The FTA talks between India and the United Kingdom

How will a free trade agreement help both countries and in which sectors?

February 03, 2022 11:05 am | Updated February 04, 2022 07:42 am IST

File photo for representation

File photo for representation

The story so far : Last month, India and Britain launched trade talks in Delhi, with an aim to finalise a free trade agreement (FTA) as soon as possible. The proposed pact with Britain could help double bilateral trade by 2030, a Government statement said, after talks between Commerce and Industry Minister Piyush Goyal and U.K. Secretary of State for International Trade Anne-Marie Trevelyan.

What is an FTA?

An FTA is an agreement between two countries wherein it allows free flow of goods and services to and from both sides, removing all tariff barriers to boost trade with one another.

Which country does the U.K. have an FTA with?

The U.K.’s somewhat fettered wings to the European Union’s horizons have been fully undone, after Brexit happened, and Britain can now fly the world with full-flown wings, especially its trade. The first such flight was seen when the U.K. signed an FTA with Australia on December 17, 2021, eliminating almost 99% of tariff on both sides, allowing free flow of goods between the two countries. This will save nearly $10 billion for Australia in its exports of agricultural products to Britain and the U.K. will save several hundred million dollars in automobile, liquor and cosmetics exports. The pact further helps Britain access the Pacific Rim, an 11-nation trade conglomerate including Australia called the Comprehensive and Progressive Trans-Pacific Partnership.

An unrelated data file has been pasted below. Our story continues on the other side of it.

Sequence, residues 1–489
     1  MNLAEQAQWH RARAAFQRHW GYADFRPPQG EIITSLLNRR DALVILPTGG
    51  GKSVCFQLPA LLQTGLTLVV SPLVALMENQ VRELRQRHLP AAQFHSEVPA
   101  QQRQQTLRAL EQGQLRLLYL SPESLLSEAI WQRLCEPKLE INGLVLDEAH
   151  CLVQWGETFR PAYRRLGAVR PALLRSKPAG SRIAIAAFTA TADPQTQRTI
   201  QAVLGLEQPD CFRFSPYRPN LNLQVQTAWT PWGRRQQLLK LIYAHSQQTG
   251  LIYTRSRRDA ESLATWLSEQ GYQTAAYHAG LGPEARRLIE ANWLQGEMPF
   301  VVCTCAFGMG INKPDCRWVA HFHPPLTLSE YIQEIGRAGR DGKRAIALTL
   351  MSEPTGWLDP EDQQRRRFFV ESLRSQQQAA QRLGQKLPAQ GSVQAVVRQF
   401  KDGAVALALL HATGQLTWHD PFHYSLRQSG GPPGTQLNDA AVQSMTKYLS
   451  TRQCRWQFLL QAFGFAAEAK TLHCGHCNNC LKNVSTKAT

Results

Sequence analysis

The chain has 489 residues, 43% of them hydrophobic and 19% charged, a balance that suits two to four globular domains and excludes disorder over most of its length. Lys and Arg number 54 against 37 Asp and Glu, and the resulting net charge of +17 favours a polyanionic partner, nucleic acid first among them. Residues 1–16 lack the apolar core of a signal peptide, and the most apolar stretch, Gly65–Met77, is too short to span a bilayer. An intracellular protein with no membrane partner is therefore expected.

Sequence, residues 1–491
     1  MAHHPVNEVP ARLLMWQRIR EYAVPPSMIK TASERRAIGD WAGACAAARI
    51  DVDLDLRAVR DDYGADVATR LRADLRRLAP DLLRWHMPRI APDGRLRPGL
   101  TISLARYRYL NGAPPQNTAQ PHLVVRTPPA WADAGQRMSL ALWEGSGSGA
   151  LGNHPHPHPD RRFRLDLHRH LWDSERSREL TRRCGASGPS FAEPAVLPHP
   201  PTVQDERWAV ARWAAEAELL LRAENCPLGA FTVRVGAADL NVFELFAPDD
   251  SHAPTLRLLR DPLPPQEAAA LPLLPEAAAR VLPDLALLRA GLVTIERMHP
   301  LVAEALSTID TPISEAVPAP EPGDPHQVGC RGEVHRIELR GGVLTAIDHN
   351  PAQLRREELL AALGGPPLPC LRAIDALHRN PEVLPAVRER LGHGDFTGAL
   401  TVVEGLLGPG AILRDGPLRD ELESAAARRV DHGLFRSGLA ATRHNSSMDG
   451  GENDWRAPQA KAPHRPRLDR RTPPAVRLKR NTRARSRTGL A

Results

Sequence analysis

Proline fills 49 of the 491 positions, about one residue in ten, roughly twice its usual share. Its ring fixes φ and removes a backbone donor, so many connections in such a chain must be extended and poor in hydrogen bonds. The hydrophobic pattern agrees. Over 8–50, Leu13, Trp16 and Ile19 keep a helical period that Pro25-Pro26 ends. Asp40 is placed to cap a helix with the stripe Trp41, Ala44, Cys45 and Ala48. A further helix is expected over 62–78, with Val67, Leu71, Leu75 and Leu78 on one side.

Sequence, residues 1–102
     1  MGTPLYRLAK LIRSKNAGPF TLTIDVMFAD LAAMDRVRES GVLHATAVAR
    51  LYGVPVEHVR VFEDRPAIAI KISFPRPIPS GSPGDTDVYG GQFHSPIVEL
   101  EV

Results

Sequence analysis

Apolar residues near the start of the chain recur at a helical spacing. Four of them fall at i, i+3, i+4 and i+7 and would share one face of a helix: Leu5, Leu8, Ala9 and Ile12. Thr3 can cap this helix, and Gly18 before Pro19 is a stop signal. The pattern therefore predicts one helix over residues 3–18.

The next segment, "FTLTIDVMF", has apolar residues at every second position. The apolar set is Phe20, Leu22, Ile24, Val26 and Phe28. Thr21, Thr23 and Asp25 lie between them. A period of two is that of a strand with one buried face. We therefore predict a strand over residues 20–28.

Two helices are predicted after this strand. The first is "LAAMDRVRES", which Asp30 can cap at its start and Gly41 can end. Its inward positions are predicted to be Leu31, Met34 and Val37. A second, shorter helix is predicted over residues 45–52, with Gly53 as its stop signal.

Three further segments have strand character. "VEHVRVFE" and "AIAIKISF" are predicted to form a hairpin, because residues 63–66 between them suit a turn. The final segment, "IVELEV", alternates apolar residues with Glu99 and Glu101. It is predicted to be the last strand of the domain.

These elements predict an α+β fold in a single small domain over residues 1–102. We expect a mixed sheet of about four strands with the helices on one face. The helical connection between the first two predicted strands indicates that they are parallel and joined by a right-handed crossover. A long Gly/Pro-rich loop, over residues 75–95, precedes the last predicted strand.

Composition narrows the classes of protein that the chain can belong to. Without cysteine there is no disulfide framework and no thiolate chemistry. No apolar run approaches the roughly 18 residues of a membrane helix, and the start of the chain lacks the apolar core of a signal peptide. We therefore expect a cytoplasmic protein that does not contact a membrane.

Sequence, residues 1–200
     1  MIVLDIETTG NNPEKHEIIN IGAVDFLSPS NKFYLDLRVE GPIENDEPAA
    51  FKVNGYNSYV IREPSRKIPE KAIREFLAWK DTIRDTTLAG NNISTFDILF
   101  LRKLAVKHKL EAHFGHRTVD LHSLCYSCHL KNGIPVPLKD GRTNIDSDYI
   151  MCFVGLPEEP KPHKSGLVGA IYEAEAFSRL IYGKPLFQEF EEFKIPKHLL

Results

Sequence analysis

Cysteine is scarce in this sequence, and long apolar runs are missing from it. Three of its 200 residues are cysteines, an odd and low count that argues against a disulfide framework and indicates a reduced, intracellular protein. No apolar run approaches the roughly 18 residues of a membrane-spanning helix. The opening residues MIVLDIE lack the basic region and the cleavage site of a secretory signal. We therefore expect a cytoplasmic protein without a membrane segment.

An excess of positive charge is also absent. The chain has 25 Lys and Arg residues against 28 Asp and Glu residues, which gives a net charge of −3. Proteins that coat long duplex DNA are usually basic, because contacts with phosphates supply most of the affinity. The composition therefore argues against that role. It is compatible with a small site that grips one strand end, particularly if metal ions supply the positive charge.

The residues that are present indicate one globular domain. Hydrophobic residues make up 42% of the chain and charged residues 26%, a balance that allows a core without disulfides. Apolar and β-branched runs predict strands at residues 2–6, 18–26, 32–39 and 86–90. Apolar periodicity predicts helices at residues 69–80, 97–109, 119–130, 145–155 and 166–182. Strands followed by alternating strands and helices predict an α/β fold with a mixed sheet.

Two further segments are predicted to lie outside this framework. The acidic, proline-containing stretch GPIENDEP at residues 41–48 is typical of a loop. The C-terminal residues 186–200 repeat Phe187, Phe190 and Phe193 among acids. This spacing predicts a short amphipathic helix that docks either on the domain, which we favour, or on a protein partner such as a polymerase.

What does it mean for India?

Likewise, Brexit also paved the way for Britain to freely and comprehensively negotiate a new free mega trade deal with India, talks for which are underway. The£1billioninvestment and commercial trade deal India signed with Britain on May 4 last year creating 6,500 jobs in the U.K. was a kick-starter to this, opening a new chapter in commerce between them.

As Lord Karan Bilimoria, President of the Confederation of British Industry, put it: “The free trade deal between India and the U.K. will usher in a new era in the annals of India-British trade cooperation. The renewed partnership will bring in enormous changes not only in trade, but enhanced cooperation in agriculture, education and health sectors.”

He also said, “India’s traditional stakes are high in Britain as British Indian companies cumulatively turned over more than £85 billion just last year even amid the pandemic. And India’s trade would see a quantum jump when the free trade pact is signed, from £23.3 billion when they inked an Enhanced Trade Deal last year to £50 billion post-FTA. The British inward investment into the subcontinent was nearly £21 billion in the last two decades making Britain as the largest western investor in India, and this will also see a substantial increase.”